Foreign Policy Journal
20 July, 2010

In “The Legal Basis of Israel’s Naval Blockade of Gaza” at the Jerusalem Center for Public Affairs (JCPA), Professor Emeritus of International Law at the Hebrew University of Jerusalem Ruth Lapidoth argues that Israel’s attack on the Gaza Freedom Flotilla, in which nine Turkish peace activists were killed by Israeli commandos, was perfectly “legal”.

Lapidoth begins by arguing that “the rules of the laws of armed conflict apply” to the “armed conflict” between Israel and Hamas. From this, Lapidoth draws the conclusion that, “This means that Israel may control shipping headed for Gaza—even when the vessels are still on the high seas.”

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Jerusalem is NOT ‘disputed’ territory by Jeremy R. Hammond

by Jeremy R. Hammond
Featured Writer
DandelionSalad
Jeremy R. Hammond
13 July, 2010

Here’s the Washington Post on the Israeli occupation of Jerusalem, emphasis added:

Ever since the administration was blindsided by Israel’s March 9 announcement that it intends to build 1,600 housing units in a disputed area of Jerusalem, U.S. officials have pressed Israel to take actions to encourage Palestinians to attend indirect talks, including canceling the project, making concrete gestures such as a prisoner release and adding substantive rather than procedural issues to the agenda for talks. Some U.S. requests have not been made public.

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Woe to you, Christian Zionists, hypocrites! by Jeremy R. Hammond

by Jeremy R. Hammond
Featured Writer
DandelionSalad
Jeremy R. Hammond
8 July, 2010

Christians cannot love their enemies and kill them, too
photo by Dandelion Salad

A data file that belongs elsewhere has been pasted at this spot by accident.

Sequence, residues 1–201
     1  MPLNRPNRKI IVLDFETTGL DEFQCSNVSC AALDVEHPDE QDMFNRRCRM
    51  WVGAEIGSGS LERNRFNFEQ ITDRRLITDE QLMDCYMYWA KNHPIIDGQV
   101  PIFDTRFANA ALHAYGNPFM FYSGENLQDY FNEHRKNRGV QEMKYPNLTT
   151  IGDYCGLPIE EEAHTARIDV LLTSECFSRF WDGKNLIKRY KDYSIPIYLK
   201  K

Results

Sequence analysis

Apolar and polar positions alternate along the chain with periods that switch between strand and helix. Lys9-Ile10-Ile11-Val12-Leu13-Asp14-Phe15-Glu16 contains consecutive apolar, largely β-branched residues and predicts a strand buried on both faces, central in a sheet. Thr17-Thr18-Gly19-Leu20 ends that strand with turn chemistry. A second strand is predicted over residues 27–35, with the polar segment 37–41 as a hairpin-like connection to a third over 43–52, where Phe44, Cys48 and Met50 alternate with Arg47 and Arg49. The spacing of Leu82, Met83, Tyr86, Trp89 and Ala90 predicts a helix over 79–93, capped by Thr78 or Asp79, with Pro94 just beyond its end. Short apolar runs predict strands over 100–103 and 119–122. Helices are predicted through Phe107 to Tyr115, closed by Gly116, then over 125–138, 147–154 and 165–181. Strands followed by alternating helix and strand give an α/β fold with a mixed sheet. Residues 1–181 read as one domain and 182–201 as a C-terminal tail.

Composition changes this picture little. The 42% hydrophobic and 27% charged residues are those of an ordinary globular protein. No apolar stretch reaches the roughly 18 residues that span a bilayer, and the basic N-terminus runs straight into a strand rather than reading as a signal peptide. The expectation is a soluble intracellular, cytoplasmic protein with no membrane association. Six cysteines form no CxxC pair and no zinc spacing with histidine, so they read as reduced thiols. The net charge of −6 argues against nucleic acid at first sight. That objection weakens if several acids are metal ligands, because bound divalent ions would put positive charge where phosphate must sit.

I love it when Christian Zionists invoke God’s Holy Word to justify the Israeli theft of Palestinian land, such as this from Reverend John Hagee:

“Israel exists because of a covenant God made with Abraham, Isaac and Jacob 3,500 years ago — and that covenant still stands,” Mr. Hagee thundered. “World leaders do not have the authority to tell Israel and the Jewish people what they can and cannot do in the city of Jerusalem.”

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Israel’s attack on Egypt in June ’67 was not ‘preemptive’ by Jeremy R. Hammond

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by Jeremy R. Hammond
Featured Writer
Dandelion Salad
Foreign Policy Journal
4 July, 2010

It is often claimed that Israel’s attack on Egypt that began the June 1967 “Six Day War” was a “preemptive” one. Implicit in that description is the notion that Israel was under imminent threat of an attack from Egypt. Yet this historical interpretation of the war is not sustained by the documentary record.

The President of Egypt, then known as the United Arab Republic (UAR), Gamal Abdel Nasser, later conveyed to U.S. President Lyndon Johnson that his troop buildup in the Sinai Peninsula prior to the war had been to defend against a feared Israeli attack.

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Anti-Iran Bill in House Makes Claims With No Basis in Fact by Jeremy R. Hammond

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by Jeremy R. Hammond
Featured Writer
Dandelion Salad
Foreign Policy Journal
24 June, 2010

Representative Jim Costa (CA) sponsored a bill introduced into the U.S. Congress on Tuesday “Expressing the sense of the House of Representatives on the one-year anniversary of the Government of Iran’s fraudulent manipulation of Iranian elections, the Government of Iran’s continued denial of human rights and democracy to the people of Iran, and the Government of Iran’s continued pursuit of a nuclear weapons capability.”